Asian and Chinese Antiques on Boston's North ShoreFor over 30 years we've bought and sold what seems, in hindsight, today an unimaginable variety of Chinese, Japanese and Korean art all discovered on Boston's North Shore. Some of it came from Manchester, Beverly Farms, Prides Crossing, Marblehead, Salem, Hamilton, Wenham here in Gloucester and many places within an hour's ride.
The question we are often asked is, why is so much of it here? Why is their such a concentration of fine Chinese porcelain, great jade carvings, dragon robes, carpets and bronzes in this particular area?
The answer is a simple, origins of wealth and the region's very long history.
|Ming Dynasty "Hundred Boys Jar" |
Collection PEM, Salem, MA
Boston's North Shore's most important economic foundation started in the 18th C. with Maritime Trade. Salem Massachusetts ( few miles from here) was for a time the wealthiest city in America. The shipping families living there with names like Derby (America's First Millionaire), Cabot, Codman, Crowninshield, Lewis, Pickering, Devereux, Forbes and many others were the catalysts for econmic growth initially in America. Their initial fortunes were made plying the waters of India, Batavia, Japan, Macao and numerous spots along the Chinese coastline. Some of these ships earned as much as $100,000 in one trip, which was a vast fortune in the 1700's.
From these trips the near 180 ships form Salem alone brought back not only Spices, silks, cotton and gold creating wealth beyond imagination but artifacts as well. The influence on taste in this region was enormous. Much of the material culture brought back over decades formed what was the start of the Peabody Essex Museum "PEM" in Salem, Mass. Today the PEM is probably the finest China Trade and Maritime museums in the world and serves as living time capsule looking back to those days as well as welcoming new ideas and art. Through the incredibly generous donations of local benefactors, the Museum has expanded many times and in recent history arranged to move an entire stone house from China to the museum dating from the Ming Dynasty. Many of these donors are to this day the later generations of the original museum merchant founders.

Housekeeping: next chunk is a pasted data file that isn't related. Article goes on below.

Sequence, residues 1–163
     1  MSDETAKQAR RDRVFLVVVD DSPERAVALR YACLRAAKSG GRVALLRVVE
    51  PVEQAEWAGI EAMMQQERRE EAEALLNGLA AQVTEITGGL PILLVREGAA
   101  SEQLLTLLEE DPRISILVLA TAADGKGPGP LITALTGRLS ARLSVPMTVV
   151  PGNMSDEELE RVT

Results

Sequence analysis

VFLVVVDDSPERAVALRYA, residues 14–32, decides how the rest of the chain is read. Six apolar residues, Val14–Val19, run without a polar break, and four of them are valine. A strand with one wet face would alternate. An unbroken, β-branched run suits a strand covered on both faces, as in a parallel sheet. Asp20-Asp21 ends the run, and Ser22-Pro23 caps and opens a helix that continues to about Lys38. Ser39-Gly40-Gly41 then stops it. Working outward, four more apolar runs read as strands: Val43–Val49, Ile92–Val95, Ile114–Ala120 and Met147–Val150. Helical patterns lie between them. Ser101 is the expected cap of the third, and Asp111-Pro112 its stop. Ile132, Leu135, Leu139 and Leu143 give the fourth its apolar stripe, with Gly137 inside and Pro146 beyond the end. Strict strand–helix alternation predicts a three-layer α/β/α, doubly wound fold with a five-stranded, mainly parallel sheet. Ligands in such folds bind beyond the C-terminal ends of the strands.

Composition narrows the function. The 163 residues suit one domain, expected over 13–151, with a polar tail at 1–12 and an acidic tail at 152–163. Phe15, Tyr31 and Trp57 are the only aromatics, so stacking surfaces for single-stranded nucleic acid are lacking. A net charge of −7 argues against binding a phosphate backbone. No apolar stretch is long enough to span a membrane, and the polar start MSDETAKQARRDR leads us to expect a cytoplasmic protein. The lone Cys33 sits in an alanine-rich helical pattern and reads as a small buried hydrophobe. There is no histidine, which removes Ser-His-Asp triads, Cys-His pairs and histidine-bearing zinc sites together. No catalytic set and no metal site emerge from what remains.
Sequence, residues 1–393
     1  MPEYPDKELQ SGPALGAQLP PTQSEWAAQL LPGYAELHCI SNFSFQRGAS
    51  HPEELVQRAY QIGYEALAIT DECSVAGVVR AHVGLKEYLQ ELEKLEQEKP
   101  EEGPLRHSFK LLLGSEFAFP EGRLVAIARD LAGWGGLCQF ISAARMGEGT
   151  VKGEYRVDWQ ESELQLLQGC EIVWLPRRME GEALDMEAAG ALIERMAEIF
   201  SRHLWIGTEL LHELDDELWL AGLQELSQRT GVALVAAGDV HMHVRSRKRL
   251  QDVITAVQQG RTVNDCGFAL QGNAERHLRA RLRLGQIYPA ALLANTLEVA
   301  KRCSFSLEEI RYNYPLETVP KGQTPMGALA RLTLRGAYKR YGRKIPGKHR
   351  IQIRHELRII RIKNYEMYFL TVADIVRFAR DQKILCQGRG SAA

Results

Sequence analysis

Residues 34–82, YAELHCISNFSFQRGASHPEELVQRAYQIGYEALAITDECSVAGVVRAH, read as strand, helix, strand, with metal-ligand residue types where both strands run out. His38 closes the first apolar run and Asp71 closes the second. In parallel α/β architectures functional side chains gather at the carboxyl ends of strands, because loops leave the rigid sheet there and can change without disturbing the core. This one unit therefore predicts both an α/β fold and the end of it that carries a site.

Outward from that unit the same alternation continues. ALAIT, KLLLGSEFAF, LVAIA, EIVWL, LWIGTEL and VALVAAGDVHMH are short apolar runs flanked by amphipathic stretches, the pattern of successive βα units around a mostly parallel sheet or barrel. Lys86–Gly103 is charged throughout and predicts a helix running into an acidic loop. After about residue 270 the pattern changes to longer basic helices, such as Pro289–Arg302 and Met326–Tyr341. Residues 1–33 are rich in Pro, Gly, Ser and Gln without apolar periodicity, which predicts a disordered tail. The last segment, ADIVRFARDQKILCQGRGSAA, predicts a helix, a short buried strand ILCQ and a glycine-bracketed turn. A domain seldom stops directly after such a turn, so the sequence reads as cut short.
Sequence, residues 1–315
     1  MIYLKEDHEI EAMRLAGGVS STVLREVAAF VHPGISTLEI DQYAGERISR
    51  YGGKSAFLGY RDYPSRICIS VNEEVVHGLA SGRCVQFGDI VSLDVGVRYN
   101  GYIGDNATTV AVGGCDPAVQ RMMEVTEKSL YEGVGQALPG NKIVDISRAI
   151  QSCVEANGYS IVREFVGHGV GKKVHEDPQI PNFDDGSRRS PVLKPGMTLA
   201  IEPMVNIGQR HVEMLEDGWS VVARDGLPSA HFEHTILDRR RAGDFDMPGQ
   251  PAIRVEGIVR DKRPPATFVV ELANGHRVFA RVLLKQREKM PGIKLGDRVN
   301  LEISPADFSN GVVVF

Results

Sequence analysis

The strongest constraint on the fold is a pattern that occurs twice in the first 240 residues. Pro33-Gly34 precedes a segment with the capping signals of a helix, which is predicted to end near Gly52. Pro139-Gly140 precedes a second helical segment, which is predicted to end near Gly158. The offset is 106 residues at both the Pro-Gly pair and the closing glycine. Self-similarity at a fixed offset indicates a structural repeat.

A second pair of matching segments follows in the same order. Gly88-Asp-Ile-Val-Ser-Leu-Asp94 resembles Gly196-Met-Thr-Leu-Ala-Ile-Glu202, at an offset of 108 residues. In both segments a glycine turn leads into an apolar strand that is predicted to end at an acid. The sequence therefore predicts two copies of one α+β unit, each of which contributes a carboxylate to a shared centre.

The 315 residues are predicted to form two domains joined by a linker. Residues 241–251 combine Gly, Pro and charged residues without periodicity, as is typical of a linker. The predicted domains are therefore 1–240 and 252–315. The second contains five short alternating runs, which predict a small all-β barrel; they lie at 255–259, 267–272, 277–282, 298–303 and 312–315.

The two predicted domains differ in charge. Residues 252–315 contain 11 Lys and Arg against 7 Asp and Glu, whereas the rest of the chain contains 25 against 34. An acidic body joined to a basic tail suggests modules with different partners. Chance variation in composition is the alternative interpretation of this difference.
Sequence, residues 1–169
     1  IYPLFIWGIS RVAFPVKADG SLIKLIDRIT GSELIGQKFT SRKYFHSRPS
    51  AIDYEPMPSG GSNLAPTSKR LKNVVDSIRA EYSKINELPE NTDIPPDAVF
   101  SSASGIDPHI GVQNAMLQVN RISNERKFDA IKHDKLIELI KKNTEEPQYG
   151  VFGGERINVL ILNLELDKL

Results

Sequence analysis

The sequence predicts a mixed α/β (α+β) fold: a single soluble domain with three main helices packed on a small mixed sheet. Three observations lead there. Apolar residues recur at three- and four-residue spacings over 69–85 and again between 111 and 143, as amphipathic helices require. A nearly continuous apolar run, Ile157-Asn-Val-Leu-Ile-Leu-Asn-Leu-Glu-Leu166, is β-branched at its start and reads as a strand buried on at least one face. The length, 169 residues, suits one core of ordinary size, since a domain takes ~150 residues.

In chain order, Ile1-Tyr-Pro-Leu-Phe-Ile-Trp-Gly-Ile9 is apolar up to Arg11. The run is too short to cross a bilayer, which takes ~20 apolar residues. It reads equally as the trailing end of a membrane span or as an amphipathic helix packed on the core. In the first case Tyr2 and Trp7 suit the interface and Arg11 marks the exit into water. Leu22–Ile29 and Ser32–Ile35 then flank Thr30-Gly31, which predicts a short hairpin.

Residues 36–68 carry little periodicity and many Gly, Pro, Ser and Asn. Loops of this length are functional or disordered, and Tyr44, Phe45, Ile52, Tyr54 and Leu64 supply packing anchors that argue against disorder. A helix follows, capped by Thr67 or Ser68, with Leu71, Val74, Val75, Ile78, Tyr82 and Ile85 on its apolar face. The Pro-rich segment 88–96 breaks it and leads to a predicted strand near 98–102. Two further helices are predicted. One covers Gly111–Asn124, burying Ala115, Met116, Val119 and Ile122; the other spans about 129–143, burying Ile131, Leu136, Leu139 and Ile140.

|Early 18th C. Ladies Imperial Gold Silk Robe|
PEM , Salem, MA
Through those years, coupled with the accumulation of additional fortunes made in Banking, Railroads, Farming, Manufacturing and smart investing generation upon generation have continued the interest in the Far East and have continued collecting. During the late 19th and early 20th C. additional vast fortunes were built and acquisitions of fine art from all over the world resumed with abandon.
While many of these priceless treasures have thankfully been given to the Peabody Essex Museum, as well as The Museum of Fine Art Boston, many remain tucked away being enjoyed in local houses and on occasion lent to exhibitions when they are needed. Also on occasion for what ever reason the time comes to perhaps settle an estate or to simply "downsize" we get a call to help bring the items to market. Most recently that market has been in mainland China and Taiwan.
That's the story in a nutshell, if you ever find yourself in the area make a point to visit the Peabody Essex Musuem in Salem, MA. Its worth it and tells the story much more detail than I can here.
Feel free to email or call with any questions about your own Bamboo Carvings, Chinese Silks, Porcelains or Jades or their values.
Thank you for visiting ~ Peter Combs
Gloucester, MA 978-283-3524